If that happens, the Better Together campaign will partly have itself to blame: it is losing the ground war to Salmond and the SNP.
The Yes campaign is winning on almost every front. It has delivered more leaflets, put up more posters, set up more stalls and knocked on more doors. This seems to support the Economist‘s recent contention that while the No campaign has a capable leader, plenty of money and support from business, it has few of the enthusiastic activists fuelling the SNP.
Leaflets are the main way in which voters are interacting with each campaign. Despite all the advances offered by the internet, they have still proved by far the most effective way of reaching voters. The SNP has used leafleting to reach nearly three-quarters of voters, while Better Together hasn’t quite managed two-thirds.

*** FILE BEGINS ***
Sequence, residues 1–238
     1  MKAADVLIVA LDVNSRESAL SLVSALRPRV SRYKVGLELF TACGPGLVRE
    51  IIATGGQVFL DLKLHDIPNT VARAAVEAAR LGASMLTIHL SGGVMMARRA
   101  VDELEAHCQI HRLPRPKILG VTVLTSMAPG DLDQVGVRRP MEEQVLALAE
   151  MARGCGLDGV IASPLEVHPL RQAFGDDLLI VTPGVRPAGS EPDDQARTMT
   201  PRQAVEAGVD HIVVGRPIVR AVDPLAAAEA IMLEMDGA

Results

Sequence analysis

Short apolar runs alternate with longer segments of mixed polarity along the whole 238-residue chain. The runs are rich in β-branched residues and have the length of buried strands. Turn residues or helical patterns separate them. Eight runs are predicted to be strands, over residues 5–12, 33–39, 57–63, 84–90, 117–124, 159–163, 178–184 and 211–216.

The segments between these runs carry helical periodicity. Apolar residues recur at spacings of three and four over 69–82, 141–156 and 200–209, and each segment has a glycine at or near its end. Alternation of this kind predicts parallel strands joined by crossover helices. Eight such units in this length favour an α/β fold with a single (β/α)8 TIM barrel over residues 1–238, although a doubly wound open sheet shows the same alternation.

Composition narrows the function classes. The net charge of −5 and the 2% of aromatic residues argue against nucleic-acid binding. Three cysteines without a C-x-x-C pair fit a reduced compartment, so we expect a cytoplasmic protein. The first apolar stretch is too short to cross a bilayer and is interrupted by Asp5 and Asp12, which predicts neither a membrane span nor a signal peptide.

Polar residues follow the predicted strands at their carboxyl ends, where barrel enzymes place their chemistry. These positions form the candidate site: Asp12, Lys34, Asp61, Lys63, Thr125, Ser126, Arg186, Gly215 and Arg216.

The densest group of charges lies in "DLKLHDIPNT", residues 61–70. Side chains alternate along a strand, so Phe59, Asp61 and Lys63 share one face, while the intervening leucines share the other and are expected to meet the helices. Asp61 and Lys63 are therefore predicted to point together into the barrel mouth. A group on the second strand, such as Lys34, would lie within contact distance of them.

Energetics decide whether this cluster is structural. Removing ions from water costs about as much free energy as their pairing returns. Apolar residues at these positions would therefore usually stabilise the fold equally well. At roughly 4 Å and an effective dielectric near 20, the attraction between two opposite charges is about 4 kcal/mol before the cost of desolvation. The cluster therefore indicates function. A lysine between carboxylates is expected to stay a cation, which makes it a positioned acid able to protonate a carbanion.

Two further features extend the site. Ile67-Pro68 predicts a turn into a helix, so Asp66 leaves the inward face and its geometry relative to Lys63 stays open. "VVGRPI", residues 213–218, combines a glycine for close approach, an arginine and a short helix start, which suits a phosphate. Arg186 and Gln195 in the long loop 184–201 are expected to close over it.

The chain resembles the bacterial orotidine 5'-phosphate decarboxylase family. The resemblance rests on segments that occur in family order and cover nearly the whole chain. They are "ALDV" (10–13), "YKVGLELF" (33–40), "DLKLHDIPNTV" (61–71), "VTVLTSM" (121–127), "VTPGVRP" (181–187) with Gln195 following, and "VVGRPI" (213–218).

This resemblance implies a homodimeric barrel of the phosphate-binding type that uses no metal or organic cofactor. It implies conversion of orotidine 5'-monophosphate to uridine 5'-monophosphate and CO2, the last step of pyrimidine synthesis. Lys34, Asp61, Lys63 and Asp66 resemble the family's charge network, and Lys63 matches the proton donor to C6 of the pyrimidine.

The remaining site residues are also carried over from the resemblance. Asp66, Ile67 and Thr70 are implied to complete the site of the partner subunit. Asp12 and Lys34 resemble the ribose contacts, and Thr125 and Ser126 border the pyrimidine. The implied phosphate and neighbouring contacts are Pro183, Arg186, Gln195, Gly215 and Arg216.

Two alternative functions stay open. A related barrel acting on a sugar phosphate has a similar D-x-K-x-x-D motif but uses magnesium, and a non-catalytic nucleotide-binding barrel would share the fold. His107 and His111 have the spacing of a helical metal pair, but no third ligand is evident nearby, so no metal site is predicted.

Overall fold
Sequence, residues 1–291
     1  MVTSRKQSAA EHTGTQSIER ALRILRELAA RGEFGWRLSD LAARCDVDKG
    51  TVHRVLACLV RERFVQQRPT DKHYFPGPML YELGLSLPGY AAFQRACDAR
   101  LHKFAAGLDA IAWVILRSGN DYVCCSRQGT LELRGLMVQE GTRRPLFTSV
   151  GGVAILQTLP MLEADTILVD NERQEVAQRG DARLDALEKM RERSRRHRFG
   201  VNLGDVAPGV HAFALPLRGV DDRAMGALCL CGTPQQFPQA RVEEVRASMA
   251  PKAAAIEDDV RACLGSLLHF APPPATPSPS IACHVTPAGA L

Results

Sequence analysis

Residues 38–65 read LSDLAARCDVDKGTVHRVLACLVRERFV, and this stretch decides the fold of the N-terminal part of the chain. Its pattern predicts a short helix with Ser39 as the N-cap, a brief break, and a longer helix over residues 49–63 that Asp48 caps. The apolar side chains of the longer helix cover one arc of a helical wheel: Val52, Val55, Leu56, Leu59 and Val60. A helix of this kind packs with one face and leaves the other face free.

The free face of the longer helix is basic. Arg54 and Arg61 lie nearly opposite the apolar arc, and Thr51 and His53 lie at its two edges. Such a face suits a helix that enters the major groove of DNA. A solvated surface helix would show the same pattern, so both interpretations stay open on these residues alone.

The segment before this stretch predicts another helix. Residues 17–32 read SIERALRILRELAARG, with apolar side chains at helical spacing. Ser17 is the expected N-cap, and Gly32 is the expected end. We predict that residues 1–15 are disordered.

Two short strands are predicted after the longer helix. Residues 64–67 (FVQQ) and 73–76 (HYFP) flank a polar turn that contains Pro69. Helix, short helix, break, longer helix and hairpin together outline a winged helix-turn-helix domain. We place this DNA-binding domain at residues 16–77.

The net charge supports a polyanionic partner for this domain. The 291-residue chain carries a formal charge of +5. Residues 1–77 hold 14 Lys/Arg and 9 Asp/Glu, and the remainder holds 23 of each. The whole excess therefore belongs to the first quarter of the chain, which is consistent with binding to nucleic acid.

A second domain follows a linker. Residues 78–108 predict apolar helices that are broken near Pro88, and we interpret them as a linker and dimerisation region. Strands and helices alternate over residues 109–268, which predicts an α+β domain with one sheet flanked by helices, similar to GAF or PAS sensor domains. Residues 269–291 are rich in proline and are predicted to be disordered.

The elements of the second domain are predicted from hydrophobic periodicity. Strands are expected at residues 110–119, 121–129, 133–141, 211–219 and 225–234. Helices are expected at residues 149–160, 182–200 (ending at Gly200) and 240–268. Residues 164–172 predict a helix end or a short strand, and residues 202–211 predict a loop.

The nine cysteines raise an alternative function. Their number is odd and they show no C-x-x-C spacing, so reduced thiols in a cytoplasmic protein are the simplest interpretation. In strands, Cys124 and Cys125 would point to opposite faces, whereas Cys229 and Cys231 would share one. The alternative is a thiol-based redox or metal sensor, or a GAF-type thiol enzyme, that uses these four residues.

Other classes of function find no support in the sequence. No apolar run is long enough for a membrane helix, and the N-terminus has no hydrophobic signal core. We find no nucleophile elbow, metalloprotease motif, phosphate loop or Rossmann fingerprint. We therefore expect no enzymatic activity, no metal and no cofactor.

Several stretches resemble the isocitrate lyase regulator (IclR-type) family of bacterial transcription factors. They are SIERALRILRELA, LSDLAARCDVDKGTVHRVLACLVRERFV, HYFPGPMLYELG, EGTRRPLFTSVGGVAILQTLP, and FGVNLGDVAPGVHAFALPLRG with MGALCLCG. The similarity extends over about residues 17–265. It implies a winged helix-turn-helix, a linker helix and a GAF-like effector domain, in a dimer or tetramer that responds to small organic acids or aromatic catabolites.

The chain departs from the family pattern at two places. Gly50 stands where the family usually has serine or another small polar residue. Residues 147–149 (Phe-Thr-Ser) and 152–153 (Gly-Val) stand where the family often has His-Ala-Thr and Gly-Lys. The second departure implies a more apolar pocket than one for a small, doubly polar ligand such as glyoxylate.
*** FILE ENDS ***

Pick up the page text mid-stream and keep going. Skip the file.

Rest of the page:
There are even bigger, double-digit differences when it comes to the next two most effective methods: posters and stalls. More than five out of six voters haven’t encountered either from the No campaign, while between a quarter and a third have from the Yes campaign.
These are small differences, but they matter in an election being contested at the margins.